BMW denies conspiring with rivals on diesel emissions systems

No car maker is immune from accusations, it seems.

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VW isn't the only German automaker reeling from the effects of diesel emissions scandals. BMW is denying Der Spiegel allegations that it not only colluded with Daimler and the Volkswagen Auto Group (including Audi and Porsche) on the designs and prices for AdBlue diesel emissions treatment systems, but fell short of European exhaust standards. While the newspaper claims that BMW's thousand-plus meetings with rivals amounted to a "cartel," BMW insists that the meetings were simply meant to create a Europe-wide infrastructure for AdBlue. It also claims that the technology (which injects urea into the mix to help reduce emissions) meets the latest European requirements, and that it can update the software on older cars to meet that standard.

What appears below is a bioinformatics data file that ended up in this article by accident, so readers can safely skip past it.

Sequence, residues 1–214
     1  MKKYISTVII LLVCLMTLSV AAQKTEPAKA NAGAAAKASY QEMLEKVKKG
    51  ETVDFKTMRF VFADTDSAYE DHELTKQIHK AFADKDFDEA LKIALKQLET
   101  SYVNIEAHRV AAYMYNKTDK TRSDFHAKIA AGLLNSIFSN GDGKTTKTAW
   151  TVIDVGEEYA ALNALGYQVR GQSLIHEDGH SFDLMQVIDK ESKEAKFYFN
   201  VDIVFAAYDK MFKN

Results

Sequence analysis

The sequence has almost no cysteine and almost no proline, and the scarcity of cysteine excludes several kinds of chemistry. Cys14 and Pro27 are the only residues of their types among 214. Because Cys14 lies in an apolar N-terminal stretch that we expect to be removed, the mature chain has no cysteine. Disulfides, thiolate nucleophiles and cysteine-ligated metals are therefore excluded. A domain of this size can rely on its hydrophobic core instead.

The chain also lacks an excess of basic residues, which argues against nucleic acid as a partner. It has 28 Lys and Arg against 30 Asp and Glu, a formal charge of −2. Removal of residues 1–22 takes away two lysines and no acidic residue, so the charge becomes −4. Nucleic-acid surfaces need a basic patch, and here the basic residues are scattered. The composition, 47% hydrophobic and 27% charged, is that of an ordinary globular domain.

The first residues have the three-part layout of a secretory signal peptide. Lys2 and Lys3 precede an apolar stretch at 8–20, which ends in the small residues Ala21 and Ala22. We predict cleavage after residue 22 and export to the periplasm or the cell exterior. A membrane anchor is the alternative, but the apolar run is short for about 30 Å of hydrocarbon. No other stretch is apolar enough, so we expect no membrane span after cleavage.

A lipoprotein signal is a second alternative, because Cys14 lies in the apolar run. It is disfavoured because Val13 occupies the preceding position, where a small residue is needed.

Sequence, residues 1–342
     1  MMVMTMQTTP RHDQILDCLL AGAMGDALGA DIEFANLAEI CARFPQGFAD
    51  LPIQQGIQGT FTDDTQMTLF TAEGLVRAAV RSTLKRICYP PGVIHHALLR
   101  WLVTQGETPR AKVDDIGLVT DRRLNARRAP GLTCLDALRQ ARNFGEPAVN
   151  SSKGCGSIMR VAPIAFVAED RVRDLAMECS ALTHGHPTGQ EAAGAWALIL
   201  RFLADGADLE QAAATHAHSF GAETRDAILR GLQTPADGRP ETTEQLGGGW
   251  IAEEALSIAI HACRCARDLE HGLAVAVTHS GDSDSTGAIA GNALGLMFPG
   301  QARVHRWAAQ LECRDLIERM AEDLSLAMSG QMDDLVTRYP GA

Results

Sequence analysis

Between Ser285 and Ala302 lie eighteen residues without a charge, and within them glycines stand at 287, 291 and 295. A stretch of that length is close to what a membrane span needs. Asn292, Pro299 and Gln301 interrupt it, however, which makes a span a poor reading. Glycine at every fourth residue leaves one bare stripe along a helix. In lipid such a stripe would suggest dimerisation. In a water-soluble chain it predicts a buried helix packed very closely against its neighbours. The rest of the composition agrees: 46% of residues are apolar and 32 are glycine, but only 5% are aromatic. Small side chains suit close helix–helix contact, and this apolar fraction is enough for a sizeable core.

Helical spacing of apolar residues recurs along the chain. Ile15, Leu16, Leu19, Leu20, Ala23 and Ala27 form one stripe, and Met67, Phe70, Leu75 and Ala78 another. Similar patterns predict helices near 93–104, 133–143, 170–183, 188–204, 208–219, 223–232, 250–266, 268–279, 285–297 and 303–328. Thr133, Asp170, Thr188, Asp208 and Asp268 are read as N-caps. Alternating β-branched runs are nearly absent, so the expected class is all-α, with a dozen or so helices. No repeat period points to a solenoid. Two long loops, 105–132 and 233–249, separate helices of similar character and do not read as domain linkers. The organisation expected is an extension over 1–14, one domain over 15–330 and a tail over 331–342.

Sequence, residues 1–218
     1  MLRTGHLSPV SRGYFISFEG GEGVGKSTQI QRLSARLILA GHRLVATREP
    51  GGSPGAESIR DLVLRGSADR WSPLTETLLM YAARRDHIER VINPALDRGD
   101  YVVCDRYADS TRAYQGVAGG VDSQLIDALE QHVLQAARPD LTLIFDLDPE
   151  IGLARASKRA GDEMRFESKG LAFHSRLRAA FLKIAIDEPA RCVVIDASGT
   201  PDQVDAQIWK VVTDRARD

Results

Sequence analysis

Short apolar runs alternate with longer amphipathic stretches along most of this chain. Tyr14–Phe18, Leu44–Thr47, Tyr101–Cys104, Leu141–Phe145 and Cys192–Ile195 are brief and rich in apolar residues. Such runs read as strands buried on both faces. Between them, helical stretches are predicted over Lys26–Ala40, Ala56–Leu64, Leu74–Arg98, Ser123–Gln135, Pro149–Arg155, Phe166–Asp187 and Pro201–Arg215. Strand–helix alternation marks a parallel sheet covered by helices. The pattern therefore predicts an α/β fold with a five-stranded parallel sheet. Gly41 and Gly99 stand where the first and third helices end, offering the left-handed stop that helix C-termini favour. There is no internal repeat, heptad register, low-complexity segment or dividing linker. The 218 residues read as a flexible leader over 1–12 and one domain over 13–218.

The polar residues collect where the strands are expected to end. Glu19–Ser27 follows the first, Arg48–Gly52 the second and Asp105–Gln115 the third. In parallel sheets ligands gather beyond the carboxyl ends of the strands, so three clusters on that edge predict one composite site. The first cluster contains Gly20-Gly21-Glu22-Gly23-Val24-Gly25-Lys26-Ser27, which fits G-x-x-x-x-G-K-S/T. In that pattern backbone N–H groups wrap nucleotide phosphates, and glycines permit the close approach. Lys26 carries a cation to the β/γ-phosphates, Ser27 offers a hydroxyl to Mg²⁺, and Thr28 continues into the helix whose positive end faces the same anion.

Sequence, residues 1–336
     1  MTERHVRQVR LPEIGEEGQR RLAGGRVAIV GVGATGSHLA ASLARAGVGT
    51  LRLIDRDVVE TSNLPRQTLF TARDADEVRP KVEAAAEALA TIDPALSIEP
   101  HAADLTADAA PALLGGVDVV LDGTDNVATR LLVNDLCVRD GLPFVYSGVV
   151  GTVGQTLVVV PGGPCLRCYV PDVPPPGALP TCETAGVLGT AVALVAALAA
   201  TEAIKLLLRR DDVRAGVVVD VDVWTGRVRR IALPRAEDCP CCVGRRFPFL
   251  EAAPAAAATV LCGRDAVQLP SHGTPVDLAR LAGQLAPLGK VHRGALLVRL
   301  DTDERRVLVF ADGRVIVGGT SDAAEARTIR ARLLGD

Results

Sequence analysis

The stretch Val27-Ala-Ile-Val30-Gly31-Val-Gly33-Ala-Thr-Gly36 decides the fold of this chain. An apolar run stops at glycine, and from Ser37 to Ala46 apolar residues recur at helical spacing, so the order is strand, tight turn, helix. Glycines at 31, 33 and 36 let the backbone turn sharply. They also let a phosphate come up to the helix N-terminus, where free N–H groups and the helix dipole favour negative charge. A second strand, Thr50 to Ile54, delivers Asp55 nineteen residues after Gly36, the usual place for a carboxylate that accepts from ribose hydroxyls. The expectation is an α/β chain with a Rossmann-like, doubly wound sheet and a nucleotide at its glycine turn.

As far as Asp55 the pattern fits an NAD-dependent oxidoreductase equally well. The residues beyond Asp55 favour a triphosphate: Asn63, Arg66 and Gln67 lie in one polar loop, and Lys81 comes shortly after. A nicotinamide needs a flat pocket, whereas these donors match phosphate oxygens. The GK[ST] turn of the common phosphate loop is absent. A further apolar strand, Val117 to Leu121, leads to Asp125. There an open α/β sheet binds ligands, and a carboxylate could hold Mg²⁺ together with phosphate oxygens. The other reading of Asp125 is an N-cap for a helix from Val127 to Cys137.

Not that these statements will help BMW avoid scrutiny. The European Commission's antitrust regulators are already investigating the claims, and politicians in BMW's home country are calling for transparency. The Bavarian brand isn't facing any formal accusations, but it's clear that officials view the report as credible enough to warrant a closer look.

Whether or not BMW is in hot water, the allegations reflect a rapidly growing effort to scrutinize diesel emissions among car makers around the world. Regulators are worried that numerous companies cheat on emissions tests for the sake of their bottom line, and that they're hurting the environment to the point where they shorten lives. Recent efforts by BMW, VW and others to embrace electric cars may be as much about moving past diesel's controversies as they are preparing for the future.